The Top 3 Exercises to Help Overcome Creative Block

Any creative type knows that creative block isn’t just for writers and small children.  Sometimes the Muse sings and sometimes she doesn’t—but for those tormented souls that are paid for their artistry (writers, designers, architects, etc.) a slump in inspiration can be the equivalent of joblessness.

The worst thing about a block is that it’s like a groove in the road: once your wheels fall into it, it feels impossible to escape.  Suddenly you find yourself stuck on uninspired tracks that seem to travel out into infinity.

But there’s hope. 

Every artist who has ever lived has run into creative block.  What makes a good artist great, and a great artist timeless, is the ability to overcome the blocks when they inevitably fall in his or her path.

If you’re thinking, “Well, that sounds great—but how do I beat the block?!” then this post might be just what the doctor ordered.  Artists use dozens of tricks to get their creative juices flowing, and while each artist may have her own unique strategy, whatever she does is probably a derivative of one of three cardinal devices that help get artists past the blocks.

I call it living in 3D.

1) Devour

Sometimes the best thing to do when you’re stuck is just to absorb as much outside material as possible.  This doesn’t mean, however, that every time you can’t find set a scene or can’t design a page you should read or view something and then regurgitate it on the page.  Devouring other material is a kind of long-term strategy.  Be constantly reading and you will develop a sort of library in your head, of patterns, characters, motifs, symbols, designs, schemes, and so on.  Making connections with previous ideas can help you more than you know in forming a new one.

2) Draw

A more immediate remedy for the doldrums is to just force yourself to work.  This might seem counter-intuitive, given that feel blocked and unable to work in the first place, but often artists feel pressured to generate something brilliant at the drop of a hat, which can be a very detrimental pressure.  You don’t need to make a masterpiece every time you sit down to work; in fact, some of the best work comes during revision.  But you have to work.  Sit down, even when you don’t feel inspired, and work.  Doodle immature drawing, play the “what if” game, try working in another medium—but whatever you do, work.  Don’t get mired in the pressure to make something great.  Just pen something, pen a lot, and then come back to it later.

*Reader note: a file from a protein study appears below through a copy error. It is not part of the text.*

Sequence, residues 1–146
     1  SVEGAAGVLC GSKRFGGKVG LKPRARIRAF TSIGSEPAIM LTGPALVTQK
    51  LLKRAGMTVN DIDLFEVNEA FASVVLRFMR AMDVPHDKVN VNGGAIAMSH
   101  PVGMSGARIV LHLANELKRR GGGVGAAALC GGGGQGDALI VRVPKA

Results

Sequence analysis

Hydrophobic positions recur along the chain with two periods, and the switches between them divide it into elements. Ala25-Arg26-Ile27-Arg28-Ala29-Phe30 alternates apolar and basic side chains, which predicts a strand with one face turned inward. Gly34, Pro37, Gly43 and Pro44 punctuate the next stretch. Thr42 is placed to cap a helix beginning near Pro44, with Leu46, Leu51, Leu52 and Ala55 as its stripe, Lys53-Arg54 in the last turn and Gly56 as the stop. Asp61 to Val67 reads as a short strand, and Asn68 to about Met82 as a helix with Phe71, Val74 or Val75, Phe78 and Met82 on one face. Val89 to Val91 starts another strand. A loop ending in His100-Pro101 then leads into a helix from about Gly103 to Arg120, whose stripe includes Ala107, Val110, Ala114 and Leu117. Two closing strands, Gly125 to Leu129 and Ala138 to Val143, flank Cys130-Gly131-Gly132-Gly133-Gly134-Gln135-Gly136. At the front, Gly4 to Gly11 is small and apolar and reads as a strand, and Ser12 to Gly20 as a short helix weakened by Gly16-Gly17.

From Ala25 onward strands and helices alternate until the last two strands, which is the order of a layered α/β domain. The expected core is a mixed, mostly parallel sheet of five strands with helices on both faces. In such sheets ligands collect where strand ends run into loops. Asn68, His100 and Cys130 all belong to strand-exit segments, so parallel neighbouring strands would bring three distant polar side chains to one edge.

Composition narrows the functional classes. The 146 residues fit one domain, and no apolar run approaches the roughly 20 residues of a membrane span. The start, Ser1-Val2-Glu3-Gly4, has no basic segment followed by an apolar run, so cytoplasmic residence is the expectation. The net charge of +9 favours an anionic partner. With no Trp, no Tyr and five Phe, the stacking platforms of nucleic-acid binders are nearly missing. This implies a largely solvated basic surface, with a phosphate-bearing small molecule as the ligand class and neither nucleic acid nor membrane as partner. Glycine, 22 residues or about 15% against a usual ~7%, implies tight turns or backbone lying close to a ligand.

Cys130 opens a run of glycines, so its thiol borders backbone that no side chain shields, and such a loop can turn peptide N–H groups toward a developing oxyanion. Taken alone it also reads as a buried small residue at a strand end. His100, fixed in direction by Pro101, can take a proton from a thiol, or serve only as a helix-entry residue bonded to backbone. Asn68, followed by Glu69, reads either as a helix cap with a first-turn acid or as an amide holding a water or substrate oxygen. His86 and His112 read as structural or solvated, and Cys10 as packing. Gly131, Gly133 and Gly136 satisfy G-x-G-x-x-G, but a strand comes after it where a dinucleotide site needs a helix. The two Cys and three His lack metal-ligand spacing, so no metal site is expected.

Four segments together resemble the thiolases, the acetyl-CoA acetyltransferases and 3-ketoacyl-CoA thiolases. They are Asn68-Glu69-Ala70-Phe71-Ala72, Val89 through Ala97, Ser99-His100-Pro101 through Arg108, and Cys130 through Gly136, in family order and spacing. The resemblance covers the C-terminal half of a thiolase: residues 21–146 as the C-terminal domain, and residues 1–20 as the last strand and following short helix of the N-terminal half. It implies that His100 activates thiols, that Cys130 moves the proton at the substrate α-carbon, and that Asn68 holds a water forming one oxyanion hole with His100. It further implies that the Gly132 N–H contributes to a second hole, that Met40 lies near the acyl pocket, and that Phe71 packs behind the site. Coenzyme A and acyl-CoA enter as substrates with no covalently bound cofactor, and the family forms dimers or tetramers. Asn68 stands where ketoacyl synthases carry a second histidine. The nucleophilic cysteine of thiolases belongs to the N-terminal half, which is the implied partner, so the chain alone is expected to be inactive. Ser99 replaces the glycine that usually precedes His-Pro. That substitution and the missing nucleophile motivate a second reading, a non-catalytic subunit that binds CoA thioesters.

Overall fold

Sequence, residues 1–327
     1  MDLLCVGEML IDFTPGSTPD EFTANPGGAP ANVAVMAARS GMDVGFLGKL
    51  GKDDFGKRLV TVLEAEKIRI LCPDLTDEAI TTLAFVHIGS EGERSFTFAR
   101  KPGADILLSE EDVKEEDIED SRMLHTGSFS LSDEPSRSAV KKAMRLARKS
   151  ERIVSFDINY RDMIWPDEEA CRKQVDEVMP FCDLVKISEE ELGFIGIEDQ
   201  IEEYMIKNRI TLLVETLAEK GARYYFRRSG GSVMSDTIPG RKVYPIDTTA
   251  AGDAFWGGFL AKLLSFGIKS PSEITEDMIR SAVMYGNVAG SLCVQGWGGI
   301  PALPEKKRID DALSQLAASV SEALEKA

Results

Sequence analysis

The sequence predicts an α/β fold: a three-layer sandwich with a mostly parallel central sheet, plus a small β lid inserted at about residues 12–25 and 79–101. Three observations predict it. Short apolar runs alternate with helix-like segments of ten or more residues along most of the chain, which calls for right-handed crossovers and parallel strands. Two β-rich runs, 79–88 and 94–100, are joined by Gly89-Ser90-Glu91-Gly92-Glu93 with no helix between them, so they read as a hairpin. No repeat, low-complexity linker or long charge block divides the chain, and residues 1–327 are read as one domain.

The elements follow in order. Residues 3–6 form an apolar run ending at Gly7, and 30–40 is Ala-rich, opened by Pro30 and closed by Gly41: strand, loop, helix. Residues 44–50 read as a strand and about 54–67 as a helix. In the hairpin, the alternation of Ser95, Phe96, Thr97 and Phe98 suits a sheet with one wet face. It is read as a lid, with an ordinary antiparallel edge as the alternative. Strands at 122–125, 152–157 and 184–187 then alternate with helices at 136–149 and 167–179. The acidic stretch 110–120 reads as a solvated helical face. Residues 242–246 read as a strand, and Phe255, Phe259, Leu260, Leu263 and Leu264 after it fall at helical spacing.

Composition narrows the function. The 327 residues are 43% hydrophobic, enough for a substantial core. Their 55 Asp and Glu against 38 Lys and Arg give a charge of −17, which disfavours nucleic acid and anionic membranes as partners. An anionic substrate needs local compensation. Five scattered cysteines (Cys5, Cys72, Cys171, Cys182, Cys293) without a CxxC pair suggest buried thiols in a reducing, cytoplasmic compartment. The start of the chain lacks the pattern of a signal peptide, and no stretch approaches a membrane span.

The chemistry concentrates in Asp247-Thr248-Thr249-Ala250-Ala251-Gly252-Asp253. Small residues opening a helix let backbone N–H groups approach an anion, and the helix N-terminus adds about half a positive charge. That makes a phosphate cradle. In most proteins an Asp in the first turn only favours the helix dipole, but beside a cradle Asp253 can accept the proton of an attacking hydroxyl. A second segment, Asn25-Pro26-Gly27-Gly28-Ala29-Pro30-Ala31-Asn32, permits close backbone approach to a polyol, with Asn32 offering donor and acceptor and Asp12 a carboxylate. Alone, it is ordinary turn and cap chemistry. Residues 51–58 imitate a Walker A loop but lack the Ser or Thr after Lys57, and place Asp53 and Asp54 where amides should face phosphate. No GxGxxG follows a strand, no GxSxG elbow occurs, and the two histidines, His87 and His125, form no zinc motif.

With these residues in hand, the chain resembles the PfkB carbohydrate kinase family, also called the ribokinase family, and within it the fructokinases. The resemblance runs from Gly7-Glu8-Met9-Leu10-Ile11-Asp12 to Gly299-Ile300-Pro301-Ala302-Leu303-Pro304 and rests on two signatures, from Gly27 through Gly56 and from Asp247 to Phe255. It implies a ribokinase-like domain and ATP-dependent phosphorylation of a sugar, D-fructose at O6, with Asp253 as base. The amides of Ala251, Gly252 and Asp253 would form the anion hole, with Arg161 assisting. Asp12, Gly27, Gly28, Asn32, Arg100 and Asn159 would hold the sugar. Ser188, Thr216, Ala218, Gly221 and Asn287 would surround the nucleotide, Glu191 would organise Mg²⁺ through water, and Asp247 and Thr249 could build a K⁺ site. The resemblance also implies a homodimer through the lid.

3) Depart

All things in moderation.  There is such a thing as working too much, and sometimes that in itself can be a block.  Take a break occasionally and do something completely different from your work: go hiking, swimming, watch a movie, make a meal and wash the dishes, re-organize your living room.  Find something that can upset your routine a little; be a little crazy.  New experience revitalize us and make the world seem new, and sometimes that’s all it takes to be brilliant and prolific again.  Make a departure from your work, so when you return you can impart your knew knowledge to it.

Most often the feeling of a creative block is much worse than the block itself.  It’s easy to get discouraged when ideas don’t just flow from your fingertips every time you sit down, but that kind of effortless creativity is just a daydream.  Art, like anything else, takes hard work, and more than anything, persistence.  Live life in 3D, and the flat landscape of your creativity will almost miraculously transform into a uniquely textured, wonderful place to be.

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